Shelf-Portrait (vii)

A bookcase filled with poetry books.

Three or four years ago I had the idea of devoting more space on my bookshelves to poetry. I very seldom re-read works of fiction: once I’ve read a story I hardly ever feel the need to revisit it. As the passing of time continues to take its toll, it could be that a weakening memory might lend more appeal to re-reading novels and short stories, but for now most the volumes in the fiction section of my library are little more than mementoes of past pleasures. To my mind, poems are more akin to songs in that I can ‘listen’ to them repeatedly with little or no diminution of enjoyment. Such was the basis for a determined effort to make room for verse at the expense of prose.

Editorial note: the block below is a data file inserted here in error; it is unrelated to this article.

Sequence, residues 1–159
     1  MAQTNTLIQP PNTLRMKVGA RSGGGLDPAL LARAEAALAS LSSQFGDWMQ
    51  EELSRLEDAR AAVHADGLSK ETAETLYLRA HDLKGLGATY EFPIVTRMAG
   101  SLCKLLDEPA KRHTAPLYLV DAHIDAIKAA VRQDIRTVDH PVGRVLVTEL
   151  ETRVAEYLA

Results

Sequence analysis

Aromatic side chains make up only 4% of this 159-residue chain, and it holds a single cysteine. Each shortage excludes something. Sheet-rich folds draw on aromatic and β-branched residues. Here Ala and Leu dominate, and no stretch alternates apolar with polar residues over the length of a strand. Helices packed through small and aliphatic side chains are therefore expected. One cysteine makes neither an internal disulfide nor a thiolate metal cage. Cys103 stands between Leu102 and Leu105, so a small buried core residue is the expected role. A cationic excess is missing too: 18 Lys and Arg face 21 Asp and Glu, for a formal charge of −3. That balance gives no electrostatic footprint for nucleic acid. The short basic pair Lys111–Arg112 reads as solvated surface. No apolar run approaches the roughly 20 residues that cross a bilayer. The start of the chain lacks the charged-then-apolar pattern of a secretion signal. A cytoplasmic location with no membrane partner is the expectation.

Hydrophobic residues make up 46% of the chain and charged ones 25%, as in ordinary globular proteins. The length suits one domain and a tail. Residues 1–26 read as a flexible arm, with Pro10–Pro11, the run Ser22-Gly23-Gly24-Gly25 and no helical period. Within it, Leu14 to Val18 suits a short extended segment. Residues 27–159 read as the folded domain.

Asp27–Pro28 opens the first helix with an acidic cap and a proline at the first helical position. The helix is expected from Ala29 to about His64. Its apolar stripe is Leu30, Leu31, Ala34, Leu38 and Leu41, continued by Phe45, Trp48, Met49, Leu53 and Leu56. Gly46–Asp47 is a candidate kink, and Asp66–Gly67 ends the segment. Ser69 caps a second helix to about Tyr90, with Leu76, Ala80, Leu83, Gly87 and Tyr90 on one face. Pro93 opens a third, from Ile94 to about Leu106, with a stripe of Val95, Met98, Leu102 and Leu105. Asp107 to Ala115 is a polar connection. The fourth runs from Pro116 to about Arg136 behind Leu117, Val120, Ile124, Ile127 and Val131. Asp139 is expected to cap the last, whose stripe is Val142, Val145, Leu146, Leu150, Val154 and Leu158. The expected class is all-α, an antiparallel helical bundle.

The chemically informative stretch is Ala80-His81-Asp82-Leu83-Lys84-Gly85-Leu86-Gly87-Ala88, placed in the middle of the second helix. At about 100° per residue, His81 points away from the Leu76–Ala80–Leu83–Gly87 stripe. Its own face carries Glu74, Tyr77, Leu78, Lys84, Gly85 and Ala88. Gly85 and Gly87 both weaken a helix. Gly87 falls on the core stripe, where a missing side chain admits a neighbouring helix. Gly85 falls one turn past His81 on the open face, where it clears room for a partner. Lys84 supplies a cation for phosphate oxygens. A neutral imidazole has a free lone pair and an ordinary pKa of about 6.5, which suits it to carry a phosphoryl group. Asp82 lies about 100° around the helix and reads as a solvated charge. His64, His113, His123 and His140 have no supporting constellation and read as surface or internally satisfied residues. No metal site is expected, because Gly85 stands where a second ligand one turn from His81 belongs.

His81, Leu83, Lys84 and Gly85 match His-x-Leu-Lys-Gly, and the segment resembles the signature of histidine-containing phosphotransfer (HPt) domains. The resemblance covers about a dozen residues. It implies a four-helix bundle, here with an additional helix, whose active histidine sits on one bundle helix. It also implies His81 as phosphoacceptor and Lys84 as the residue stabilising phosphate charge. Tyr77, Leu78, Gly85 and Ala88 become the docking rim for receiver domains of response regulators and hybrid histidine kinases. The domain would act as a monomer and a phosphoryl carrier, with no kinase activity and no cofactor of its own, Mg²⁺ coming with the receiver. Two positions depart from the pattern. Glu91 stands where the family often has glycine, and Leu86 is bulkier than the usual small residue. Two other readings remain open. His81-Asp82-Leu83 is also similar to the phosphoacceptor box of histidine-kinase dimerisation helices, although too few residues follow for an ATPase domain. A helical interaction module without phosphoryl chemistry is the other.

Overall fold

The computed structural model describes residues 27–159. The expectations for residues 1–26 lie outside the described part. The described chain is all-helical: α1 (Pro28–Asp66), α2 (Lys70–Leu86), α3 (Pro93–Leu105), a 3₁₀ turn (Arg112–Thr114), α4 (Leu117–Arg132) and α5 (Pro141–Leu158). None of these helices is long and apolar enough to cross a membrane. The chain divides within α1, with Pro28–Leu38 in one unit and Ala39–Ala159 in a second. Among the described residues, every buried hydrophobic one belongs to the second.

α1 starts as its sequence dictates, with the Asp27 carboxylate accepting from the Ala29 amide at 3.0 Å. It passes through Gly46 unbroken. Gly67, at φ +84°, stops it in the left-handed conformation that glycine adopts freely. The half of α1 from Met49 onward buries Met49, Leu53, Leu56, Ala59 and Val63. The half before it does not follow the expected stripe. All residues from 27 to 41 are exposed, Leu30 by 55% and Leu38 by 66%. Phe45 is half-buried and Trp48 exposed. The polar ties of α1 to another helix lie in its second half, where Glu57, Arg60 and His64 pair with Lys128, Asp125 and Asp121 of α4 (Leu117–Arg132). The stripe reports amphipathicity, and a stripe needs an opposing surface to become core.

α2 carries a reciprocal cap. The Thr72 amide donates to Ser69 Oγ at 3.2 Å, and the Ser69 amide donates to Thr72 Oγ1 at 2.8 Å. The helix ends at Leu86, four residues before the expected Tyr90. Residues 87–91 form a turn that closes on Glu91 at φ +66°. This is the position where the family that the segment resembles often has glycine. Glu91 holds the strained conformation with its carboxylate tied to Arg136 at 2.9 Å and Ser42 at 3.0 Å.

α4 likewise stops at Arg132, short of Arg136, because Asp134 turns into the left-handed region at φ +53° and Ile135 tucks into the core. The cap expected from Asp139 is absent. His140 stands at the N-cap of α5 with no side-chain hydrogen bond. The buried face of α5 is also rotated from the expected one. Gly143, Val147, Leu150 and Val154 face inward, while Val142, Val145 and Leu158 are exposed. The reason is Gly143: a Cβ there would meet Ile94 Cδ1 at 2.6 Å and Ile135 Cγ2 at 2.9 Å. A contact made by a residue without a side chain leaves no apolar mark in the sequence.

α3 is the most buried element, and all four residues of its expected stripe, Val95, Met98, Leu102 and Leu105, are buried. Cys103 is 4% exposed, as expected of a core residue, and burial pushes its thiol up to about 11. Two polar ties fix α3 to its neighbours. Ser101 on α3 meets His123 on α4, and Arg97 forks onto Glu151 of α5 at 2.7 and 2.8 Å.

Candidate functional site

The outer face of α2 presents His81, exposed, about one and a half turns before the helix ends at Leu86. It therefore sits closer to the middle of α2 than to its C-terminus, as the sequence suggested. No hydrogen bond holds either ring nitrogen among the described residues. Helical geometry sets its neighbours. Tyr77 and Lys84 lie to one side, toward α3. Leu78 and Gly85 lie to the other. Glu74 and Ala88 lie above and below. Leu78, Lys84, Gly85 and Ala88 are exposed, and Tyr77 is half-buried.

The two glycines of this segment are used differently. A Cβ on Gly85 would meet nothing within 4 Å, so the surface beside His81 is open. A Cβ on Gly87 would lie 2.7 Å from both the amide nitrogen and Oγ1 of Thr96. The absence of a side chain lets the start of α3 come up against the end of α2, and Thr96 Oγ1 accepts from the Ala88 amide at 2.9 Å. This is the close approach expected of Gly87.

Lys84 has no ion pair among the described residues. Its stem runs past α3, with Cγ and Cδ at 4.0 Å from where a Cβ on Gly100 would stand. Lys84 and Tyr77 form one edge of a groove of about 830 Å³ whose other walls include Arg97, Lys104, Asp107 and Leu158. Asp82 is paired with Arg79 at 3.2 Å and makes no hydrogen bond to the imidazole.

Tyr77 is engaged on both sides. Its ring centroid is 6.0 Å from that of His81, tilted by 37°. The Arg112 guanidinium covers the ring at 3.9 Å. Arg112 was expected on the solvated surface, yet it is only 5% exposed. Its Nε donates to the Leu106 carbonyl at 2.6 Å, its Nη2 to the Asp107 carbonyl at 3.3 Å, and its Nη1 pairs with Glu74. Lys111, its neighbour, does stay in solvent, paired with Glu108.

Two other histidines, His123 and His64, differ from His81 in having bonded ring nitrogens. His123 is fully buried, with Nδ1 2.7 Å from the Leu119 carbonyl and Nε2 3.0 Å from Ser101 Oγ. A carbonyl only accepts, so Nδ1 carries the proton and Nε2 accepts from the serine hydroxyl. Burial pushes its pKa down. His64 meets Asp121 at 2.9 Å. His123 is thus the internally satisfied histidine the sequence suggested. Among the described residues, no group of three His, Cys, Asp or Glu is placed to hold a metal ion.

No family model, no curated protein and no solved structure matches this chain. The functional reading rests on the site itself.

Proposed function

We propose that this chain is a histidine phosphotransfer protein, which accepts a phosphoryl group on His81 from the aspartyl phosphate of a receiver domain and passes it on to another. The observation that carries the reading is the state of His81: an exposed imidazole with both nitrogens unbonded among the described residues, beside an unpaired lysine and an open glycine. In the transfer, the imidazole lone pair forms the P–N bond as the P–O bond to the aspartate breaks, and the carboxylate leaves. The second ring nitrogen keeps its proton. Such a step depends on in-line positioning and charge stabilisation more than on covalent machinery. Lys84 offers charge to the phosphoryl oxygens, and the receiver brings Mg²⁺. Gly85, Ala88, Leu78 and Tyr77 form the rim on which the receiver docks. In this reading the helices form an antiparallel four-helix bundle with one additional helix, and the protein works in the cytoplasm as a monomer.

I allocated one of my IKEA-like bookscases for poetry. At first it was half empty, but gradually it filled up as new acquisitions arrived, until, a couple of months ago, the last bit of free space was taken, as is shown – none too clearly, alas – in the image above. The bookcase is in rather a small room directly opposite my desk. To get the picture I had to clamber underneath the desk with a 24mm lens attached to my Nikon D70S (I suppose I could have just used my phone). About half of the volumes are by individual authors, and the rest are anthologies. The former are organised alphabetically by author name, the latter are grouped more arbitrarily according to ‘keywords’ which may relate to the title, or the editor, or the publisher, or the nationality of the poets featured the book.